The Educator's Notebook

A weekly collection of education-related news from around the web.

Educator’s Notebook #307 (October 6, 2019)

    • Behavioral Scientist
    • 09/30/19

    “Recognition of the powerful pattern matching ability of humans is growing. As a result, humans are increasingly being deployed to make decisions that affect the well-being of other humans. We are starting to see the use of human decision makers in courts, in university admissions offices, in loan application departments, and in recruitment. Soon humans will be the primary gateway to many core services.”

    • Longreads
    • 09/01/19

    “In his new book, Proof!: How the World Became Geometrical, historian Amir Alexander advances an audacious claim: that Euclidean geometry profoundly influenced not just the history of mathematics, but also broader sociopolitical reality.”

ADMISSIONS

ASSESSMENT

CHARACTER

COGNITIVE SCIENCE

    • MIT
    • 10/01/19

    “Those are among the conclusions from an experiment in which 100 students in an MIT engineering class were given Fitbits, the popular wrist-worn devices that track a person’s activity 24/7, in exchange for the researchers’ access to a semester’s worth of their activity data. The findings — some unsurprising, but some quite unexpected — are reported today in the journal Science of Learning in a paper by MIT postdoc Kana Okano, professors Jeffrey Grossman and John Gabrieli, and two others.”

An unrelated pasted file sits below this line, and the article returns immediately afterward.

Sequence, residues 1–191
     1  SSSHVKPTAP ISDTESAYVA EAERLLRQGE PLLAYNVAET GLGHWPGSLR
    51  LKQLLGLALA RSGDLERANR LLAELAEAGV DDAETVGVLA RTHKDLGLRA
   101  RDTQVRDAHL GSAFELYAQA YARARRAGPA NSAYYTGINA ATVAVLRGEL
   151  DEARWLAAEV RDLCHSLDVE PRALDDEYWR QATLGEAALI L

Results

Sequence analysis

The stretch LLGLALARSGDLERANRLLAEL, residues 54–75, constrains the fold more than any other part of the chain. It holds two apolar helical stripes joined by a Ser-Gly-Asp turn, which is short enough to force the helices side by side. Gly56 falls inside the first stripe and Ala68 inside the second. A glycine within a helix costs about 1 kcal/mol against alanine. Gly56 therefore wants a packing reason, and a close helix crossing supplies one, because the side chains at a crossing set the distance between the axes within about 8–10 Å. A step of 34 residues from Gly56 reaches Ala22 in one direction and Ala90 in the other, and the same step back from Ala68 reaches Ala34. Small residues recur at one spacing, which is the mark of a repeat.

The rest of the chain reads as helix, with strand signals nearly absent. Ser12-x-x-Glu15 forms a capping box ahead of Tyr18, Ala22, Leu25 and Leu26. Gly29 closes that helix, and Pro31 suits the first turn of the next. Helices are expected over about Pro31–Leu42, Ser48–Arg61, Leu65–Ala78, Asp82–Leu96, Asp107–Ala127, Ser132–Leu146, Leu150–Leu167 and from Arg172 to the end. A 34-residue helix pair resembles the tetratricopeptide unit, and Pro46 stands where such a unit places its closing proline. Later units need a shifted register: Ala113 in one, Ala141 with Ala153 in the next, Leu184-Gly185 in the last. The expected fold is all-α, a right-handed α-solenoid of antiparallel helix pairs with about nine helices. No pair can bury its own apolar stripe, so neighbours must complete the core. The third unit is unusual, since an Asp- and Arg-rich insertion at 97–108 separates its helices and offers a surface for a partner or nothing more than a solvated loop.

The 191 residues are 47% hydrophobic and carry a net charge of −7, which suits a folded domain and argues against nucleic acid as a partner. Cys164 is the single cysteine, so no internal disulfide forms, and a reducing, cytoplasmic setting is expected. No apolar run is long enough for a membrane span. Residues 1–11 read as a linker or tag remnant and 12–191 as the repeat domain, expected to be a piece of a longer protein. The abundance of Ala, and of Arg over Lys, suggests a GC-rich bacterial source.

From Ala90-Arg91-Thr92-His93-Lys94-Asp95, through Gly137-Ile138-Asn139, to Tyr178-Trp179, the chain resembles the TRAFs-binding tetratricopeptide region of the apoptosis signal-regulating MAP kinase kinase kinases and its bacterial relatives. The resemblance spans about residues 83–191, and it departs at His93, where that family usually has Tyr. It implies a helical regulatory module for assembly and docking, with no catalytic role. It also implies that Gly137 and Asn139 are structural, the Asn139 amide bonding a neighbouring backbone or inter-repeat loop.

CURRICULUM

EARLY CHILDHOOD

HUMANITIES

LANGUAGE

LEADERSHIP

PD

PEDAGOGY

READING/WRITING

STEM

TECH

Z-OTHER

Issues

Every week I send out articles I encounter from around the web. Subject matter ranges from hard knowledge about teaching to research about creativity and cognitive science to stories from other industries that, by analogy, inform what we do as educators. This breadth helps us see our work in new ways.

Readers include teachers, school leaders, university overseers, conference organizers, think tank workers, startup founders, nonprofit leaders, and people who are simply interested in what’s happening in education. They say it helps them keep tabs on what matters most in the conversation surrounding schools, teaching, learning, and more.

Peter Nilsson

Subscribe

* indicates required